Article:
The Color Red

Red features prominently throughout the short film, from the number four written in blood across the face of Sulli’s character to the blood-red dress, shoes and lipstick worn by her and the blood stains splattered around the pig slaughterhouse.

The color red is also associated with death in Korean culture and Koreans never write a person’s name in red. It’s considered a bad omen to do so because red lettering was used to write the names of the deceased. Writing someone’s name in red is believed to wish death (or even bring death) upon that person.

Stills from "Persona: Sulli" on Netflix.
Stills from “4:Clean Island,” a short film starring Sulli, which forms the first part of “Persona: Sulli,” the new Netflix docuseries about the late Korean singer/actress.


Sulli’s character works at a slaughterhouse that sees the death of countless, nameless pigs. One day, she comes across a pig that seems unique to her, after discovering the number 4 branded across the animal’s neck and she befriends the pig.

She later packs a suitcase, placing her new pig friend inside, to head for Clean Island, which is “the cleanest place in the world” where “you can erase all your guilt and pain.”

A voice on Clean Island is heard saying: “We only sell pork that passes our advanced cleaning system.”

Another voice says on the island says: “No matter what kind of environment the pigs were raised or slaughtered in, when they pass Clean Island’s state-of-the-art cleaning system, they become safe from any kind of germs and stressors.”

Pigs are considered symbols of wealth, abundance and good fortune in Korean tradition and other Asian cultures.

The pigs featured in the latest short film and the life they lead perhaps represent the life of K-pop stars, who are viewed as icons of wealth and success. The slaughtered pigs are sold as different products on Clean Island that have passed through an “advanced cleaning system,” perhaps a symbol of the manufacturing process that aspiring K-pop trainees undergo in a bid to become a star.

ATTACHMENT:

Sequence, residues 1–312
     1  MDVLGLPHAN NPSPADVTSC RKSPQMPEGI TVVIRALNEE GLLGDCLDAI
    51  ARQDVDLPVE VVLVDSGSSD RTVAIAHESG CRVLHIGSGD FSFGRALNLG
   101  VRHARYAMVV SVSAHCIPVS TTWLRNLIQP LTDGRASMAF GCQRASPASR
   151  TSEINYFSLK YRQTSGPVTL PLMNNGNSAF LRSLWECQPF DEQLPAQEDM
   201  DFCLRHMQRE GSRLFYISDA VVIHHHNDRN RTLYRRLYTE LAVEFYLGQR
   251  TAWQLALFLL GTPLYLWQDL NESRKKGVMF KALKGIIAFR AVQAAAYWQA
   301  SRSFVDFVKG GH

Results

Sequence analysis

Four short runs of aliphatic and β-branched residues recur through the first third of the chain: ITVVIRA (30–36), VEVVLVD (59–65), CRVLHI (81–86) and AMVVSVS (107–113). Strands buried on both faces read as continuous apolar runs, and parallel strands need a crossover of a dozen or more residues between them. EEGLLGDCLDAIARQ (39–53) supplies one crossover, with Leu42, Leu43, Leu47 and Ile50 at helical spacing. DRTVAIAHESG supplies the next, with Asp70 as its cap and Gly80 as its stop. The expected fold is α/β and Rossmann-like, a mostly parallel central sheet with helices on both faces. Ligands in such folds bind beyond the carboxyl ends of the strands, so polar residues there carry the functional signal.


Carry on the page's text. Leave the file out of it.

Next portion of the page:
Sulli in "Persona: Sulli" on Netflix.
Still of Sulli in the short film “4: Clean Island” (left) and a still of the late K-pop star during an interview in 2019, both of which are featured in “Persona: Sulli” on Netflix.

Pigs in the latest film may also be associated with death, as 2019, the year that Sulli died, was also the Year of the Pig.

In Dear Jinri, the late actress speaks about feeling like “a product” in the industry.

Sulli began her career as a child actor in 2005 before debuting as part of the K-pop girl group f(x). She left the group in 2015 and continued her work as an actress and released her first solo music in June 2019, just months before her death in October 2019.

She said that the one thing she recalls being told the most when she first started in the entertainment business was: “You are a product. You need to exist as the finest, top-quality product.”

She said: “Even when they didn’t say I was a product, everyone treated me as one. I had to be what they wanted me to be. I had to fear losing my product value.”

Persona: Sulli is available to stream on Netflix.